Tolerating or even enjoying the close approach of humans in order to feed near them, and a lessening of natural adult aggression, are two aspects of tameness. An environment that supports the survival of tame animals can lead to other changes in behavior and appearance as well. Smaller skulls on tame animals have been noticed in other species.read more »
In Buddhism, rigpa is the knowledge that ensues from recognizing one’s nature. The opposite of rigpa is marigpa (ignorance). In the ‘The Tibetan Book of the Dead,’ the same term refers to the fundamental innate mind in its natural state of spontaneity and purity. It is translated as ‘intrinsic awareness,’ and is described as giving a meditator access to pristine cognition or the buddha-mind itself, and it stands in direct contrast to fundamental ignorance, which is the primary cause of rebirth in cyclic existence (reincarnation). The direct introduction to intrinsic awareness is a distinctive teaching within the Nyingma school. This practice is a central component of the Esoteric Instruction Class of Atiyoga, where it is known as Cutting Through Resistance (Khregs-chod).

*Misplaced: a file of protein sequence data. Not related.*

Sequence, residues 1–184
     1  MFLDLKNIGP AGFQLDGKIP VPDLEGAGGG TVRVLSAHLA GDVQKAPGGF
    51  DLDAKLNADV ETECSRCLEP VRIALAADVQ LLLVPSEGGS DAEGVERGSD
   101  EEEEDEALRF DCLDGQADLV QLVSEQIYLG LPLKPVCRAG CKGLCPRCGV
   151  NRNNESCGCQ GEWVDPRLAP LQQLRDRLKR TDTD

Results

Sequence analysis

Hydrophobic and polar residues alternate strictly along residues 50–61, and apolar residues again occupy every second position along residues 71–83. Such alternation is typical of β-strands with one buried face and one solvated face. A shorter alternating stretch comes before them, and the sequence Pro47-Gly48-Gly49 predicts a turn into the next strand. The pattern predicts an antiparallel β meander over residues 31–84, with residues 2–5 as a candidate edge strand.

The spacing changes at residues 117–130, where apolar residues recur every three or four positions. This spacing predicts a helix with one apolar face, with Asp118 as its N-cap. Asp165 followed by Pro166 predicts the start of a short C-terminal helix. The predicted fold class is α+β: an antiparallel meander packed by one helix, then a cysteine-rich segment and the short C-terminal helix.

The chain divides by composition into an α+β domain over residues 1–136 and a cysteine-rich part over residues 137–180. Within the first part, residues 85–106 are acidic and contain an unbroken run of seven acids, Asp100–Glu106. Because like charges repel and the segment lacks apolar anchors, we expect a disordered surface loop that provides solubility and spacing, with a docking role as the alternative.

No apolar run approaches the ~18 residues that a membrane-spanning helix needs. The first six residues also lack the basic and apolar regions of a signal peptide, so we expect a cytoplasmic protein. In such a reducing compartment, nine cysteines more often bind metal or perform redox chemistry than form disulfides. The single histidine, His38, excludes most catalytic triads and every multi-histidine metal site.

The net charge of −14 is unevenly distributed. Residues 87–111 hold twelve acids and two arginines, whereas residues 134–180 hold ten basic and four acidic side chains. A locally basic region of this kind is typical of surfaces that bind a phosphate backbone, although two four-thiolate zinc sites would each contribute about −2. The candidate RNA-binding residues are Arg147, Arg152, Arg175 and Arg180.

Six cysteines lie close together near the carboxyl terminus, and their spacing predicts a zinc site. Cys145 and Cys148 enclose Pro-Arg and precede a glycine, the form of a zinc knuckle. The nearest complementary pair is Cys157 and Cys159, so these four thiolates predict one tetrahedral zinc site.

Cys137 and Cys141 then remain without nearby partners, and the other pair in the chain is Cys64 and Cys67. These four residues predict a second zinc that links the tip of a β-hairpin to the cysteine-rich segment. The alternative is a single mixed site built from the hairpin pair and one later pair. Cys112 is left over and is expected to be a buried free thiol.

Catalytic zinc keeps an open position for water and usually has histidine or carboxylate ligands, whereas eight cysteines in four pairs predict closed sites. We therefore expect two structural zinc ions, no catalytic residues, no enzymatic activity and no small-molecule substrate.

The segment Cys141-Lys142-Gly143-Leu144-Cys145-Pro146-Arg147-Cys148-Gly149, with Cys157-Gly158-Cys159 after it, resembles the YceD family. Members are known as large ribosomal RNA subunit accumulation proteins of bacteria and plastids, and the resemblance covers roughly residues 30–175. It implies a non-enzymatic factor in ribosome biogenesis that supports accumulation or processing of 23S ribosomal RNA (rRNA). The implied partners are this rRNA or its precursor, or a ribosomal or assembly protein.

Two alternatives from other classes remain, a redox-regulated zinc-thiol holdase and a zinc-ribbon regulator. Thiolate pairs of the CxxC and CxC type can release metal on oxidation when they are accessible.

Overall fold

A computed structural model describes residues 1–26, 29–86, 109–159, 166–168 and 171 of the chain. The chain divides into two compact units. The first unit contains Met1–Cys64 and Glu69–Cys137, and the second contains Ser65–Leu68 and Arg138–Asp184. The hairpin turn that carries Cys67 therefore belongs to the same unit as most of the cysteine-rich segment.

‘A Dzogchen Master STARTS with ‘direct introduction’ with everyone. If they don’t ‘get it’ then one starts to use all the infinite methods and means to help bring about the experience of Rigpa. When one has the experience of Rigpa, then one confirms the validity of one’s path now being ‘remaining with Rigpa’ as path.’